Read It: Trump Arraigned on 34 Counts of Falsifying Business Records

Former President Donald J. Trump appeared in court in Manhattan on Tuesday and pleaded not guilty to 34 counts of falsifying business records, related to a $130,000 payment to ensure the silence of porn actress Stormy Daniels about their affair.

A grand jury of ordinary people indicted the ex-president on Thursday, as CrimeOnline previously reported. He traveled from Florida to New York for Tuesday’s arraignment and was formally arrested before the court appearance, according to Fox News.

Cameras were not allowed during the arraignment, but photographers were permitted a few pictures before it began.

He was not handcuffed and no mugshot was taken. He was released after the arraignment and returned to Florida, where he was expected to speak later Tuesday night.

The 16-page indictment, unsealed on Tuesday, details the checks, ledger entries, and invoices — some to or from former Trump fixer Michael Cohen, who pleaded guilty to arranging the payments and spent three years in prison — that make up the case.

Donald J. Trump Indictment by kc wildmoon on Scribd

An accompanying “statement of facts” alleges that Trump and his 2016 presidential campaign “employed a ‘catch and kill’ scheme to identify, purchase, and bury negative information about him and boost his electoral prospects.”  The payments to to Daniels were one part of the scheme, which prosecutors said was aimed at concealing “damaging information and unlawful activity from American voters before and after the 2016 election.”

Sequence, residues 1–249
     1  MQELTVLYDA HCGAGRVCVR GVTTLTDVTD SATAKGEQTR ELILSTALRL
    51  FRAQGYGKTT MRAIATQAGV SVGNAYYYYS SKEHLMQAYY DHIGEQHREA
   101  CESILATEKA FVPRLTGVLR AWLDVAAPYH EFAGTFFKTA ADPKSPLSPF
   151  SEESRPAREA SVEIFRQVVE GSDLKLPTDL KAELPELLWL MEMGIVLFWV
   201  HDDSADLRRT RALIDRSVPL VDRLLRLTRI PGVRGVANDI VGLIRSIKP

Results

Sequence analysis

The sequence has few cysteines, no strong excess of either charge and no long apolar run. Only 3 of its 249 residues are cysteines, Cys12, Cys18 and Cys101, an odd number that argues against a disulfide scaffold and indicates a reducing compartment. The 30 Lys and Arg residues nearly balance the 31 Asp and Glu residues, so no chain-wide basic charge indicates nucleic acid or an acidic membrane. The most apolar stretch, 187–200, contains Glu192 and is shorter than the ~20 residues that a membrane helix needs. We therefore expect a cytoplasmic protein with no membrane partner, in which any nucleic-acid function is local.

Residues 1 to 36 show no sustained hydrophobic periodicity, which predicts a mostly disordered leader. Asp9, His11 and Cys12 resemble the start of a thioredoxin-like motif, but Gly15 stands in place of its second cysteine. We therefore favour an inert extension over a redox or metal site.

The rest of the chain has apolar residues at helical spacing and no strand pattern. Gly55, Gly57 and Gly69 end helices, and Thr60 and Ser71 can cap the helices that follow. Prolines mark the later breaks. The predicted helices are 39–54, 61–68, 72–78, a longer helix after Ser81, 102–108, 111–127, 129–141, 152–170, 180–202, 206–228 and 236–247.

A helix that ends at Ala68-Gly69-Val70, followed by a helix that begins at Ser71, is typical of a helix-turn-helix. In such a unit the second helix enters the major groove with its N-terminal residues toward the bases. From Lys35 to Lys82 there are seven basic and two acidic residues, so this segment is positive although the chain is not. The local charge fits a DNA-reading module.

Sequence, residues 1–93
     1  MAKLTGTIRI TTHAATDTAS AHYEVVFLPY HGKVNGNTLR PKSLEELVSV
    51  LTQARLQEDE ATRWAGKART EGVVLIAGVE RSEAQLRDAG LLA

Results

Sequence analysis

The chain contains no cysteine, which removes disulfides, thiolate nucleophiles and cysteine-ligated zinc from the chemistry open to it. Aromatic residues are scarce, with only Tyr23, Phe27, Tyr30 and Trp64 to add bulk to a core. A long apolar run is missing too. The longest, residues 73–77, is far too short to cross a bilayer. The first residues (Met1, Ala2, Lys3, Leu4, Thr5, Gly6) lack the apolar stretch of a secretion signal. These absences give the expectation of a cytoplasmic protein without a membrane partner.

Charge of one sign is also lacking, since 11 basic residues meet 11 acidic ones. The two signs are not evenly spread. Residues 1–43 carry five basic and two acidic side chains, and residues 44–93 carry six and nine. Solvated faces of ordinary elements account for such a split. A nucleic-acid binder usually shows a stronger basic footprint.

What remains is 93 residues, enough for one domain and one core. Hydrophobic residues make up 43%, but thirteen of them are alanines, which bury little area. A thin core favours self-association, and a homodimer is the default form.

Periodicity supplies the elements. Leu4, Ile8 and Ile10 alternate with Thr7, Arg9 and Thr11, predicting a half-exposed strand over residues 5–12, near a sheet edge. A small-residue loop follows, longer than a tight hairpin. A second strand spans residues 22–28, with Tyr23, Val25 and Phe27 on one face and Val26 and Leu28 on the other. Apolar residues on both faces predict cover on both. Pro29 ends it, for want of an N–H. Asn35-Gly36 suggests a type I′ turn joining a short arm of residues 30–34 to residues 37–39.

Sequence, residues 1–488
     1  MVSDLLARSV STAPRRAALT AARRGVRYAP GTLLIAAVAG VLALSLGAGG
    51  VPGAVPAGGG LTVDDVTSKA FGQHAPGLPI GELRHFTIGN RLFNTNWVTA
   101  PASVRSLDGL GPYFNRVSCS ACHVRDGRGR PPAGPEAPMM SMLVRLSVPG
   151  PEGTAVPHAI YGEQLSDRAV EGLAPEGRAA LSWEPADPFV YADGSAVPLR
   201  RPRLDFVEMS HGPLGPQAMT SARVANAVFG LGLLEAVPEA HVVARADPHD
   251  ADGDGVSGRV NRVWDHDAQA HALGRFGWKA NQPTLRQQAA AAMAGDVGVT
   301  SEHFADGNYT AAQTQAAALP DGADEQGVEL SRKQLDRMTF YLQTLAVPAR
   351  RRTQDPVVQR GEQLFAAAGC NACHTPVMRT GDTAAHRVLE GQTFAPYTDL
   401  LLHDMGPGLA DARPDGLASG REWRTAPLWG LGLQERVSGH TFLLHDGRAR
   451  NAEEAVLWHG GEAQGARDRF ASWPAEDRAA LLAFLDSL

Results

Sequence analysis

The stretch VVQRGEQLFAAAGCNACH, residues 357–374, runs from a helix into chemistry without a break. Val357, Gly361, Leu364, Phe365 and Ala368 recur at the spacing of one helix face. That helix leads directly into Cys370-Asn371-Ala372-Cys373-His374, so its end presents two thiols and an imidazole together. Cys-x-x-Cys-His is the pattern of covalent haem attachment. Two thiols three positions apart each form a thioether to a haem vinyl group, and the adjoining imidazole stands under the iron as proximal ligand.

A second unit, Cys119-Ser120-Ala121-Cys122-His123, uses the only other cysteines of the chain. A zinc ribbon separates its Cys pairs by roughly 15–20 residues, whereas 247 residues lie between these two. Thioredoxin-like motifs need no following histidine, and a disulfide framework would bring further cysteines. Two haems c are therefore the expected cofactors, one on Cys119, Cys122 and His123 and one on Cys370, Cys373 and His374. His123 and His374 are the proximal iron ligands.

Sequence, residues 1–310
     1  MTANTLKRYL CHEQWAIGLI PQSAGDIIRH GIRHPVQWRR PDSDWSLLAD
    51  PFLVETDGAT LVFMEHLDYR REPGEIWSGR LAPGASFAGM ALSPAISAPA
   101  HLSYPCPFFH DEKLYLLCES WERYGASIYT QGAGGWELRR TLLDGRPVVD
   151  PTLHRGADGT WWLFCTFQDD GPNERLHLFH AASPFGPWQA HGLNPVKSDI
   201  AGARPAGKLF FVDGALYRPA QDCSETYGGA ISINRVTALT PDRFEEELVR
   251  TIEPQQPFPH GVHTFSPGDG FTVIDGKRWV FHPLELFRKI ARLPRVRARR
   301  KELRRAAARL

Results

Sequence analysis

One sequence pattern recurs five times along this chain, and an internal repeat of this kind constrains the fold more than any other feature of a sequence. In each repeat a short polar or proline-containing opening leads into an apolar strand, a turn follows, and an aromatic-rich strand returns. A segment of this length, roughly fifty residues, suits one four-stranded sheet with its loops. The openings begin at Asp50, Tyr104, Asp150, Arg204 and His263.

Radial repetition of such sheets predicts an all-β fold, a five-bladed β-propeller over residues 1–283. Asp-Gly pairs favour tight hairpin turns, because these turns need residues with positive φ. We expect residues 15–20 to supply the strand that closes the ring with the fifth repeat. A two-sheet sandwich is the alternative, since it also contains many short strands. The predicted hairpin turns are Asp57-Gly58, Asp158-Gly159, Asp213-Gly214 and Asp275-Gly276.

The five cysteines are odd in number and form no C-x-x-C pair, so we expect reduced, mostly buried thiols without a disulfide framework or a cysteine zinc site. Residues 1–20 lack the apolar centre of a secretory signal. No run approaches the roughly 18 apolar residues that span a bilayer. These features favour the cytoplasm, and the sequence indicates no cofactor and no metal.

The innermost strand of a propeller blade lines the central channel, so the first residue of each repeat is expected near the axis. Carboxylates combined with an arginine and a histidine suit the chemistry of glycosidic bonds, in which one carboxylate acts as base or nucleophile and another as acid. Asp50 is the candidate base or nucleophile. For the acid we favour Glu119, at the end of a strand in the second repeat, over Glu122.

Judge Juan Merchan set the next hearing in the case for December 4. It’s not known when a trial will take place: Prosecutors are said to be seeking to start as soon as January, but defense attorneys will likely seek to delay until after the November 2024 presidential election.

Merchan did not put a gag order on the case — indeed, neither prosecutors nor the defense requested one. He did caution both sides not to incite violence.

The court proceedings were dignified and proper, while the real circus took place outside the courthouse, where Trump supporters — including Reps. George Santos and Marjorie Taylor Greene — competed with loud and raucous counter-demonstrators who made it virtually impossible to hear what they had to say.

Trump’s indictment and arrest marked the first time a former president has been charged with a crime, but President Ulysses S. Grant was stopped for speeding in his horse and carriage several times in Washington, D.C., while he was still president, CBS News reported. He was arrested during one of those stops.

Another former president, Richard Nixon, likely escaped indictment and arrest when his hand-picked successor, Gerald Ford, pardoned him for any crimes he may have committed.

But chief executives are not immune from criminal charges. Eleven state governors have been tried and convicted — and spent time in prison — just on federal corruption charges related to actions while in office, the most recent being former Illinois Governor Rod Blagojevich, who spent eight years in prison after he was impeached and removed from office in 2009.

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[Featured image: Former President Donald Trump appears in court for his arraignment, Tuesday, April 4, 2023, in New York. (Curtis Means/Pool Photo via AP)]